By Brileigh Hardcastle and Matthew Brooks
Carlo Van de Roer had planned to photograph the birth of his firstborn child. His ambitious plan was to use his large format camera but this idea quickly evaporated when his wife suddenly went into labor that morning. It quickly became apparent that their son would be born much sooner than anticipated. Pacing anxiously like most expectant fathers, Carlo called the midwife and doula before heating towels in the oven and inflating a small swimming pool under an oak tree in their backyard. With his wife in labor in the inflatable pool, Carlo had just enough time to scramble together sheets of unexposed large format negatives and chromogenic paper. He then scattered them into the ambient light that his son was born in before shutting them away in a light safe box.
These records of white light, that were exposed to the sun he was born in, were sort of akin to raw data. - Carlo
After tending to his fatherly duties, the negatives were then folded and placed into a tank of chemistry in which the chemicals liquefy the red, green, and blue layers that make up the record of white light. As the dye layers come out of the negatives they start to form shapes, with one color emerging before the next, at which point Carlo would re-photograph them. Each negative in the sequential process is destroyed in the tank: a new one is made as it's capturing what’s being destroyed. Throughout this process, the record of light is passed forward in time and the process shifts the original record of white light or raw data into what Carlo describes as "a record of accumulated time as additive color."
September 20th, 2014 wasn't the first time that Carlo had used this same process. Previous attempts were mostly centered around images with pictorial content, namely photographs of specific times and places from his family history. At the time, Carlo felt as though this was complicating the strategy of the work. "For me [September 20] was a beautiful accident in that it simplified the process and drew my attention to what was truly interesting about using that process.”
Fast forward to September 20th, 2021, the works were minted on Foundation in order of the original trajectory of the emulsion and sheets of paper that were put through Carlo's process. Three days later, founding RAW member Henrique D'Amico won the auction on the first NFT of the sequence, Set 1 #1 and donated the piece to RAW DAO's collection. To Carlo, the image is about "birth, the potential for change, and identity" so it seemed only fitting for RAW, a nascent photo collecting DAO, to acquire the piece.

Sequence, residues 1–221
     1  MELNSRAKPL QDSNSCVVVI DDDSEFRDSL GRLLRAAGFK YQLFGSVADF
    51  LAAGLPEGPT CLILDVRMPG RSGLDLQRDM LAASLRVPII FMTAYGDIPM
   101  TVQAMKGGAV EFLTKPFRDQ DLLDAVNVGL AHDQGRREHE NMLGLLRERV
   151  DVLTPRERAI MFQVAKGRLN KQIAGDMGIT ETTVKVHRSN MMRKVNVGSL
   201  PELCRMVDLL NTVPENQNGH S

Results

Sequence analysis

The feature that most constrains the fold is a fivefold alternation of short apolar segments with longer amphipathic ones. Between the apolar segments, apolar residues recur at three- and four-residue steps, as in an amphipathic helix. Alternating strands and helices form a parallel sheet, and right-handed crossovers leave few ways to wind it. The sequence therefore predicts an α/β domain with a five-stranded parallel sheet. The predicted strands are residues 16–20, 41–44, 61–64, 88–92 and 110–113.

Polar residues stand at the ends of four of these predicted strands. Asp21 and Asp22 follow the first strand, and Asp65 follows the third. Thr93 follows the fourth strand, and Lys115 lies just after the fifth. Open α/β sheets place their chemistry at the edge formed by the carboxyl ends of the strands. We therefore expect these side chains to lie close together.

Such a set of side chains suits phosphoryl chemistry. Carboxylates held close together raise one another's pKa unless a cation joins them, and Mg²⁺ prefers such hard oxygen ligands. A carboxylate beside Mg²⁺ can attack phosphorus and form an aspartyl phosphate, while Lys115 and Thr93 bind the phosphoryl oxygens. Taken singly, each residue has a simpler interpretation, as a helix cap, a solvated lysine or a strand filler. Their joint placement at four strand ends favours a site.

RAW is also about photography's potential and shaping the future of this new era. The NFT photography market is "undeveloped" as RAW member Lucas Pontes says, but also "ready to be sculpted into something great and shared with the world." At this point in time, RAW had recently been formed and was in the process of building its brand. And, of course, it needed a logo to represent the organization. There were many discussions about seeking out branding specialists while many members made their own mock-ups and suggestions as the DAO worked together to figure out how best to represent RAW.
Through all of these attempts, the community circled back on it's current Twitter profile picture of September 20: Set 1 #1 suggested by RAW member Lapsus. It was simple, distinct, and layered with meaning. Instead of drawing from pop culture references, RAW sourced inspiration directly from its own collection and the work of one of its founding artists.
And so began the various iterations led by Lucas on the photograph until landing on the final version...
With its curved points, a solid background shade and a subtle cyan/red glitch around the edges—a nod to our incubator, Fingerprints—the RAW logo is emblematic of the DAO's position: a lighthouse for NFT photography. What started as an experimental process for light sensitive sheets of paper and emulsion turned into a process of capturing RAW's identity. By using one of the DAO's acquired photographs from one of its founding artists, this design pays homage to the photographers of the NFT community as well as the DAO's growing collection. As we come together to witness the re-birth of photography in web3, this symbol represents birth, the new potential for this space, and photography NFTs.
To listen to the full story of September 20, Carlo’s relationship to photography, lighting, technology and RAW DAO, check out the latest episode of the RAW Review on Apple and Spotify.
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